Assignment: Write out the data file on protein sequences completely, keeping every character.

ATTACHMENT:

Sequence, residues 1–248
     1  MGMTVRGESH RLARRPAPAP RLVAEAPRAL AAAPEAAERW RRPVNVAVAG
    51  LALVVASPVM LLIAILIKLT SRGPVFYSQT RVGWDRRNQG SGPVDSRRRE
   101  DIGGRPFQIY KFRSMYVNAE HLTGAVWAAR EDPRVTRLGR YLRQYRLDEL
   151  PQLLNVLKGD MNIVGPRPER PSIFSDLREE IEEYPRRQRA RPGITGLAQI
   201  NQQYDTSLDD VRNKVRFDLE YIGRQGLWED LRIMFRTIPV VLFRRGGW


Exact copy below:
Sequence, residues 1–248
     1  MGMTVRGESH RLARRPAPAP RLVAEAPRAL AAAPEAAERW RRPVNVAVAG
    51  LALVVASPVM LLIAILIKLT SRGPVFYSQT RVGWDRRNQG SGPVDSRRRE
   101  DIGGRPFQIY KFRSMYVNAE HLTGAVWAAR EDPRVTRLGR YLRQYRLDEL
   151  PQLLNVLKGD MNIVGPRPER PSIFSDLREE IEEYPRRQRA RPGITGLAQI
   201  NQQYDTSLDD VRNKVRFDLE YIGRQGLWED LRIMFRTIPV VLFRRGGW